Today in the Fire Lab we’ll be showing you how to make char-cloth using radiant heat in relatively airtight chambers.
Our first reaction will be on a 2000W digital single induction hob. Its radiant heat zone is wide and shallow by design, and so I am using wide and shallow reaction chambers, also known as tobacco tins.
Fire involves two stages, pyrolysis – where molecules break down under heat – and oxidisation, where carbon meets with oxygen. Here, we ONLY WANT PYROLYSIS.
We prevent oxidisation by keeping oxygen out of our chambers with the miracle of LIDS. The holes in the top are there ONLY so gas under pressure can escape, and those lids will flip right off if we do not use my secret ingredient: a brick
Today, we can tell exactly when I’ve switched my hob on and gone past the point of no return, because that’s exactly when it starts to rain, but the real indicator of success is white smoke pouring out of those holes, and – you will note – out of any other opening it can find.
This is why we use the term ‘relatively airtight chambers’ today. Some oxygen may get in, and some solid carbon may escape suspended in the smoke you see here, but for the most part, everything in our wood and cotton samples that is not carbon is going up and out of the tin, or making a messy resin mess at the rim of any opening.
Because this hob does not offer the same intense heat as a bed of coals, the whole process can take up to 45 minutes, and THEN you have to let everything cool down, including the brick on top, which will get very hot indeed.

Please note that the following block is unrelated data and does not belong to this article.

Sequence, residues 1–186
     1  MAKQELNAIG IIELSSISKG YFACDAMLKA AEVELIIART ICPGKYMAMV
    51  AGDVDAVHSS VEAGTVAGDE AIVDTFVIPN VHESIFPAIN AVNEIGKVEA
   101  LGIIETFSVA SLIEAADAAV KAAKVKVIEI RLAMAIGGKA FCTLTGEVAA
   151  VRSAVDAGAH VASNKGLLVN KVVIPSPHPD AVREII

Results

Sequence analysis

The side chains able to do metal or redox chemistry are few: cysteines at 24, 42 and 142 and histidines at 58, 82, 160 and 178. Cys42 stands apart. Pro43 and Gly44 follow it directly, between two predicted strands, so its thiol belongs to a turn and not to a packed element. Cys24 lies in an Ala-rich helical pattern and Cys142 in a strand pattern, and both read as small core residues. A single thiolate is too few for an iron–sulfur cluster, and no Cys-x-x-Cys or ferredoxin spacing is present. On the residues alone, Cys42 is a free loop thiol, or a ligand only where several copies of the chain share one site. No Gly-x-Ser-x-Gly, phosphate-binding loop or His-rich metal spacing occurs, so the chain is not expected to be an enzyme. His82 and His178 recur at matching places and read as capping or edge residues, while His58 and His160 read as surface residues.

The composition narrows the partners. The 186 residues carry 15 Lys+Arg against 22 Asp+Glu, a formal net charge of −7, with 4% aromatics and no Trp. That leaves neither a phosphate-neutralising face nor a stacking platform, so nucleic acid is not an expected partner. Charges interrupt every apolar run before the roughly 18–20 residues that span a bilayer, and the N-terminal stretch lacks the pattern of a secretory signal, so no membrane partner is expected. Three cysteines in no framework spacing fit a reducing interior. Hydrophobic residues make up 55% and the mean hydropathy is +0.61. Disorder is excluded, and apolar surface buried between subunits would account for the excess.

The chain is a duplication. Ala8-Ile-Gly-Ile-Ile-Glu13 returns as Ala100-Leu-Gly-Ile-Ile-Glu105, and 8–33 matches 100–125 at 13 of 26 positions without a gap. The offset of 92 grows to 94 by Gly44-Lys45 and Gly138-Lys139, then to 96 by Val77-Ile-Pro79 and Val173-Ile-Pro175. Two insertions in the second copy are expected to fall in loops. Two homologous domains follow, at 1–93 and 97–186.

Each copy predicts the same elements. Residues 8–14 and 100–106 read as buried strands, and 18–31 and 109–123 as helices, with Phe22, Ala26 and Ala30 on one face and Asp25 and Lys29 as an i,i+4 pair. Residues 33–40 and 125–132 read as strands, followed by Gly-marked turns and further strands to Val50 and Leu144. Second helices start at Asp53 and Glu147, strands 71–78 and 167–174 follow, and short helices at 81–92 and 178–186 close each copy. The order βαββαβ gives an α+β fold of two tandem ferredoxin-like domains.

But by the time the brick is cool enough to touch, the tins are ready to open and what you SHOULD see is charcoal more or less in the same shape as the wooden or cotton objects that we put in the chamber.
If you see any colour other than black, or if you open the tin and the contents smell acrid, liked burned toast or worse, then the organic molecules have NOT finished breaking down yet, and the evidence is right under your nose.
Also note THIS area right here underneath our vent, where the presence of ASH indicates that a small amount of oxygen has sneaked in during the reaction, causing a further loss of carbon.
For our main reaction today, we are going to use a bed of hot coals, which means setting a fire and waiting for it to mature, and when it does, we will have a radiant heat zone that is hotter AND goes higher, meaning that we can use larger tins.
I’m using travel sweet tins this time: they’re cheap, deeper, and they have snug lids. Note the holes I’ve punched in the lids using the tip of a thick carpentry nail or an awl. Also note the smaller upholstery nails pictured here that look like thumb tacks, but with longer shafts. We’ll be using them to ensure that gas goes out of our vents, but not back in.
Let’s get back to our bed of hot coals, introduce our reaction chambers to the heat, and get some stones on top to prevent our lids from flying off. Do note that in this case the reaction starts almost immediately, and please also take a moment to enjoy the sound of my vents tip-tap-tipetty-tapping.
15 minutes later, the reaction appears to have completed, but rather than waiting for the coals to cool down, we’ll use tongs to remove our chambers from the heat.
Once the tins are cool enough to handle, it’s time to take the lids off an inspect our work. You may note that if gas and resin have been forced out of the sides, then the tops may be a bit sticky.
Inside you will see we’ve arrived at the same result, only faster, and because we’ve taken the precaution of adding a one-way vent cover that lets gas out but not in, we’ve pevented oxygen from creeping in and have NO ash under our vents, and no wasted carbon.
Anyway, that’s how we MAKE char cloth, but stay tuned for our next episode where we will looking at HOW IT IS USED in fire lighting AND comparing the perfomance of char-cloth from different sources. Not all cotton is pure cotton, and polyester is the pits.
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Thanks for joining me in my enthusiasm for fire.